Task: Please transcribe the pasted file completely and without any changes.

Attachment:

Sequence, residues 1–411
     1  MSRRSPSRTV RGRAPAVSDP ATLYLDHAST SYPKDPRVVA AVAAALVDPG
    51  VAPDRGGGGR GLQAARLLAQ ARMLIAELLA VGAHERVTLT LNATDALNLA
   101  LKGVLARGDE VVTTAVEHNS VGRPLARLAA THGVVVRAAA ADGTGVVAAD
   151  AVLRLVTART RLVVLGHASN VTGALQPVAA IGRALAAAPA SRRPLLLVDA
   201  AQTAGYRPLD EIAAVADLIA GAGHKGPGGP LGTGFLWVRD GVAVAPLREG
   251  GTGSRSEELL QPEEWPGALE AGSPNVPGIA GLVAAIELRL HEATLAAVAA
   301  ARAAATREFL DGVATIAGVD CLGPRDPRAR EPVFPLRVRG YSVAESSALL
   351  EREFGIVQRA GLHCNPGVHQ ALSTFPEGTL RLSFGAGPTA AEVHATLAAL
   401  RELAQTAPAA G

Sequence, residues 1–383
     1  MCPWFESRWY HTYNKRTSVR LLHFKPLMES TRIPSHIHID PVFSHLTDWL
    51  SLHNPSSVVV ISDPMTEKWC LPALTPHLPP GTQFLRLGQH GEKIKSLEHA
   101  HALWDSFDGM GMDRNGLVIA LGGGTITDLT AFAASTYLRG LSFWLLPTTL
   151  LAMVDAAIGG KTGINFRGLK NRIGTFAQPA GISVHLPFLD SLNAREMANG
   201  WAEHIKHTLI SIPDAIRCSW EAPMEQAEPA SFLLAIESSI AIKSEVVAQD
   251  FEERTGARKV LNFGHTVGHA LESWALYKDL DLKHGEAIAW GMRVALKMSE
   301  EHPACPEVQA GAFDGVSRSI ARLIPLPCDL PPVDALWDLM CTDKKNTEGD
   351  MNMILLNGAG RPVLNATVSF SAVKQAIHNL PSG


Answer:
Sequence, residues 1–411
     1  MSRRSPSRTV RGRAPAVSDP ATLYLDHAST SYPKDPRVVA AVAAALVDPG
    51  VAPDRGGGGR GLQAARLLAQ ARMLIAELLA VGAHERVTLT LNATDALNLA
   101  LKGVLARGDE VVTTAVEHNS VGRPLARLAA THGVVVRAAA ADGTGVVAAD
   151  AVLRLVTART RLVVLGHASN VTGALQPVAA IGRALAAAPA SRRPLLLVDA
   201  AQTAGYRPLD EIAAVADLIA GAGHKGPGGP LGTGFLWVRD GVAVAPLREG
   251  GTGSRSEELL QPEEWPGALE AGSPNVPGIA GLVAAIELRL HEATLAAVAA
   301  ARAAATREFL DGVATIAGVD CLGPRDPRAR EPVFPLRVRG YSVAESSALL
   351  EREFGIVQRA GLHCNPGVHQ ALSTFPEGTL RLSFGAGPTA AEVHATLAAL
   401  RELAQTAPAA G

Sequence, residues 1–383
     1  MCPWFESRWY HTYNKRTSVR LLHFKPLMES TRIPSHIHID PVFSHLTDWL
    51  SLHNPSSVVV ISDPMTEKWC LPALTPHLPP GTQFLRLGQH GEKIKSLEHA
   101  HALWDSFDGM GMDRNGLVIA LGGGTITDLT AFAASTYLRG LSFWLLPTTL
   151  LAMVDAAIGG KTGINFRGLK NRIGTFAQPA GISVHLPFLD SLNAREMANG
   201  WAEHIKHTLI SIPDAIRCSW EAPMEQAEPA SFLLAIESSI AIKSEVVAQD
   251  FEERTGARKV LNFGHTVGHA LESWALYKDL DLKHGEAIAW GMRVALKMSE
   301  EHPACPEVQA GAFDGVSRSI ARLIPLPCDL PPVDALWDLM CTDKKNTEGD
   351  MNMILLNGAG RPVLNATVSF SAVKQAIHNL PSG